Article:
Hillary Waters Fayle received a MFA from VCUarts in 2013 , and a BFA from Buffalo State College. She is an Assistant Professor and directs the fiber program in the department of Craft/Material Studies.

In Rooted: Botanical Connections she explores concepts of humanity’s interaction with the natural world. Fayle uses leaves as her medium and her subject. She creates intricate patterns with leaves by cutting, sewing or printing. Fayle says, “I believe there is a strong relationship between the land and our own interior landscapes. When we are connected to the natural world, we’re connected to ourselves, and to one another.”

Fayle continues, “I bring together materials and processes that express the union of humanity and the physical world. Leaves, for instance, are ephemeral, but stronger than they seem. They are infinitely replenishable, uniquely exquisite, ubiquitous to the point of being taken for granted- remarkable, yet invisible. When this dynamic is inverted it gives cause for reconsideration.”

Fayle also explores the connections between nature and decorative and craft arts. “Whether stitching, drawing, planting seeds, or harvesting, my hands echo the same gestures made by thousands of hands over thousands of years. I feel a connection to the long lineage of people working with textiles, plants and the land. Stitching, like agriculture, can be functional– a technical solution to join materials together/a means of growing food and material for survival– or, both can be done purely in service of the soul, lifting the spirit through beauty and wonder.”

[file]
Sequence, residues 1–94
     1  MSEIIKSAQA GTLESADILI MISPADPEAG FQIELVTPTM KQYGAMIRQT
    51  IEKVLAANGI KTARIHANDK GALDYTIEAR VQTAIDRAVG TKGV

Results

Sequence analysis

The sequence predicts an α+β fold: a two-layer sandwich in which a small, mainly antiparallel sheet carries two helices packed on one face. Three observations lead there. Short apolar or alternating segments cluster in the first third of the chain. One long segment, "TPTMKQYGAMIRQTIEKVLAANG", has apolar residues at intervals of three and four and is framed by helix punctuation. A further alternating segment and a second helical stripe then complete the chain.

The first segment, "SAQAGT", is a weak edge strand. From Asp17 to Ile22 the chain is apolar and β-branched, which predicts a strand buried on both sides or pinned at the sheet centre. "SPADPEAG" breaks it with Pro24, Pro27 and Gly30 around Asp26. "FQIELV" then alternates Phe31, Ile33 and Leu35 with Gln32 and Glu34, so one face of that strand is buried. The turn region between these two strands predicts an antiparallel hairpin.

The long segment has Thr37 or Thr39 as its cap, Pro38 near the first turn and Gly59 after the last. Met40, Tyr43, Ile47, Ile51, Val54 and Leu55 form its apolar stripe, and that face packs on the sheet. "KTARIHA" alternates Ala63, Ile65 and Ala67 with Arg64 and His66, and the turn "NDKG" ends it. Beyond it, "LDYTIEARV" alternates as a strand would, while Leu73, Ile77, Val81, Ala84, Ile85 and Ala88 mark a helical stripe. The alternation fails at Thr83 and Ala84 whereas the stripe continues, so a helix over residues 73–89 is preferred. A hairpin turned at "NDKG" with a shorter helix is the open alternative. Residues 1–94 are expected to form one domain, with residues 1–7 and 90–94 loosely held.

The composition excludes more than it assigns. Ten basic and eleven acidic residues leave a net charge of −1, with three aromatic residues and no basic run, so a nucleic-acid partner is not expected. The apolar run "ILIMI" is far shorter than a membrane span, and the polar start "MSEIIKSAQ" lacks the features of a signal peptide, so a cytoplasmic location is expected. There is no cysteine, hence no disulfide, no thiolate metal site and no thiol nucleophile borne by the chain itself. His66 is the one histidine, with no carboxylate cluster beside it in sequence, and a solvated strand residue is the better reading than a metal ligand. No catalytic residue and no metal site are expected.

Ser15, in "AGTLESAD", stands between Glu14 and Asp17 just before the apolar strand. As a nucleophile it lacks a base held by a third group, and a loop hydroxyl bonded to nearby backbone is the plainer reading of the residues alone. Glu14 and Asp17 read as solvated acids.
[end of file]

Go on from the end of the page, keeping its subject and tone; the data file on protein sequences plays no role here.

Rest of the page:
“Botanical imagery dominates the decorative arts; we find the patterns, colors and shapes of flora to be inherently alluring. Plants represent specific and symbolic connections to place, to time, to people, to food, to memory. Imagery of plants reminds us that we are connected to the land, grounding us in our understanding of our place on the planet.”

Categories Alumni Work, Community, Faculty Work